Wednesday, November 26, 2008

Scientific American Gets It Half Right

SA, in an editorial, blasts the "quants" and other scientists who helped contribute to this horrendous financial destruction.

The causes of this fiasco are multifold-the Federal Reserve's easy-money policy played a big role-but the rocket scientists and geeks also bear their share of the blame. After the crash, the quants and traders they serve need to accept the necessity for a total makeover. The government bailout has already left the U.S. Treasury and Federal Reserve with extraordinary powers. The regulators must ensure that the many lessons of this debacle are not forgotten by the institutions that trade these securities. One important take-home message: capital safety nets (now restored) should never be slashed again, even if a crisis is not looming.

For its part, the quant community needs to undertake a search for better models-perhaps seeking help from behavioral economics, which studies irrationality of investors' decision making, and from virtual market tools that use 'intelligent agents' to mimic more faithfully the ups and downs of the activities of buyers and sellers. These number wizards and their superiors need to study lessons that were never learned during previous market smashups involving intricate financial engineering: risk management models should serve only as aids not substitutes for the critical human factor. Like an airplane, financial models can never be allowed to fly solo.

SA is correct in placing part of the blame with quants, i.e. econometricians, who were using faulty equations. But SA is way off base (and makes the same error as the quants) if it thinks the equations can be spiffed up with behavioral economics.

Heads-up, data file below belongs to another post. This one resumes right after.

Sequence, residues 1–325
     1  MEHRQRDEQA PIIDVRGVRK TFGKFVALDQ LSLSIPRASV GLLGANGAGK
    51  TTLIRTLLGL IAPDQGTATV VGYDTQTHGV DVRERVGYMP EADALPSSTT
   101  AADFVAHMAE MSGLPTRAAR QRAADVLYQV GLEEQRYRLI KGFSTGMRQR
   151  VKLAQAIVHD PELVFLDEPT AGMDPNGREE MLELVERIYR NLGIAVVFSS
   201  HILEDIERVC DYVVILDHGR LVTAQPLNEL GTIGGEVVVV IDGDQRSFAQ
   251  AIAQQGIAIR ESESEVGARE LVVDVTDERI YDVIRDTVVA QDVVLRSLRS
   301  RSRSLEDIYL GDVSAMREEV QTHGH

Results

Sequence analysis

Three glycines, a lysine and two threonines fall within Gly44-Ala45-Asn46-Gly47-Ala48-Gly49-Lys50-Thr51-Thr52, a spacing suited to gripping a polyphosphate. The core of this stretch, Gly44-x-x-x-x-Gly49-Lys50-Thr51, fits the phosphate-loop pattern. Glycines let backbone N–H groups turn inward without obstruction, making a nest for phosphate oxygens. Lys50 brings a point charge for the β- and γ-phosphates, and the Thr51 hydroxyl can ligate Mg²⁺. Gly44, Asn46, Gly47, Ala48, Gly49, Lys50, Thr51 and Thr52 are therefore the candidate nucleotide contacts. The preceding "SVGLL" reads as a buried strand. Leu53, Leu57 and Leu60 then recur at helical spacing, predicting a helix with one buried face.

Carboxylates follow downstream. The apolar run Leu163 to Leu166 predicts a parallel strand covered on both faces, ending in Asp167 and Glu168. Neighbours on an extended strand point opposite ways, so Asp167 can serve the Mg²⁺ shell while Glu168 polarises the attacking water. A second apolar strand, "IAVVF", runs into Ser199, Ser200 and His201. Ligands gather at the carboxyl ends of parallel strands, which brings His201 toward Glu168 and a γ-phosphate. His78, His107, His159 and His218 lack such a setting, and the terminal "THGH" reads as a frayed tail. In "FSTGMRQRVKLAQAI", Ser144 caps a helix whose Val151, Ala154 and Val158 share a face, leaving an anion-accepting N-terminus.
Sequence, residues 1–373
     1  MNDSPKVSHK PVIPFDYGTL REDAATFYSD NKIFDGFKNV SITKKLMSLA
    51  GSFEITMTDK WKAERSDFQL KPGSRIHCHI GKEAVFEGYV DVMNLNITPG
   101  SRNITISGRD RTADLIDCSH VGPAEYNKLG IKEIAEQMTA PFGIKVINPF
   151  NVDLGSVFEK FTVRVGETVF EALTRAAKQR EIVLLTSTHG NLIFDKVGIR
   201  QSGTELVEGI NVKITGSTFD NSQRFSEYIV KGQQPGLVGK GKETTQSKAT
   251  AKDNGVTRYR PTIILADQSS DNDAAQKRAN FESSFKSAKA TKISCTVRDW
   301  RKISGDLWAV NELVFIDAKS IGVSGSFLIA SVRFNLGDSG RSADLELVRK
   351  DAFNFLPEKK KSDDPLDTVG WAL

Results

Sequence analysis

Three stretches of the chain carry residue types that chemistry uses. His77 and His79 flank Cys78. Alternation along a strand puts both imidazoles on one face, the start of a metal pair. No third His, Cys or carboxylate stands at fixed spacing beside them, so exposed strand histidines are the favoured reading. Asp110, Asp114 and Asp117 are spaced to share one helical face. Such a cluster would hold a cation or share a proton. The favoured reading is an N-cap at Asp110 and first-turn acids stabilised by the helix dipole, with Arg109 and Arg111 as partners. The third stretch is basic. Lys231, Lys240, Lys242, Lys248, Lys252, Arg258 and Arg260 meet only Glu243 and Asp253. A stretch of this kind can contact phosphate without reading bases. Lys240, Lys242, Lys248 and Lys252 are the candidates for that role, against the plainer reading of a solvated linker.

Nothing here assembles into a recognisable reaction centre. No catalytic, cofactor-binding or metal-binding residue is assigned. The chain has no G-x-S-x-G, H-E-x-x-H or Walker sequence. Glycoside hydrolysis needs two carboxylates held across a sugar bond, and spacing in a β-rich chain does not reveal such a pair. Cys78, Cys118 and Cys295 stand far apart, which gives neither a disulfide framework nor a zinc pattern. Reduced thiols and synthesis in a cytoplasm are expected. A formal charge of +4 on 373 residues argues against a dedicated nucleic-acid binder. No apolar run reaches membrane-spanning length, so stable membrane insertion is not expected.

The problem was, is and will always remain that when dealing with human interaction there are no constants. Without at least one constant, you can't have an equation that will always work correctly.



  1. It seems that a lot of them tried to put in a constant in their formulas, that is that real estate prices would always go up. Not only was that false in the long run but during the limited time it was true the other variables were pointing in the wrong direction if someone actually looked. That was that as RE prices went up, the number of people buying who could actually afford it went down. These numbers were padded by a skyrocketing number of “buyers” who bought but could not actually afford the RE.

    With the constant inserted in the formulas that RE would always go up, then profits were almost guaranteed, without that constant we have what we have today, massive losses and massive bailouts to try to keep the incompetent at best and criminal at worse bankers in business.


  2. DJ

    Another constant that was assumed was the default rates on subpirmes.

    They took the default rates before securitization and plugged those numbers into their equations when in fact, the default rates have been much higher because the originators no longer had incentive to be concerned about default risks if they were going to just sell of the mortgages.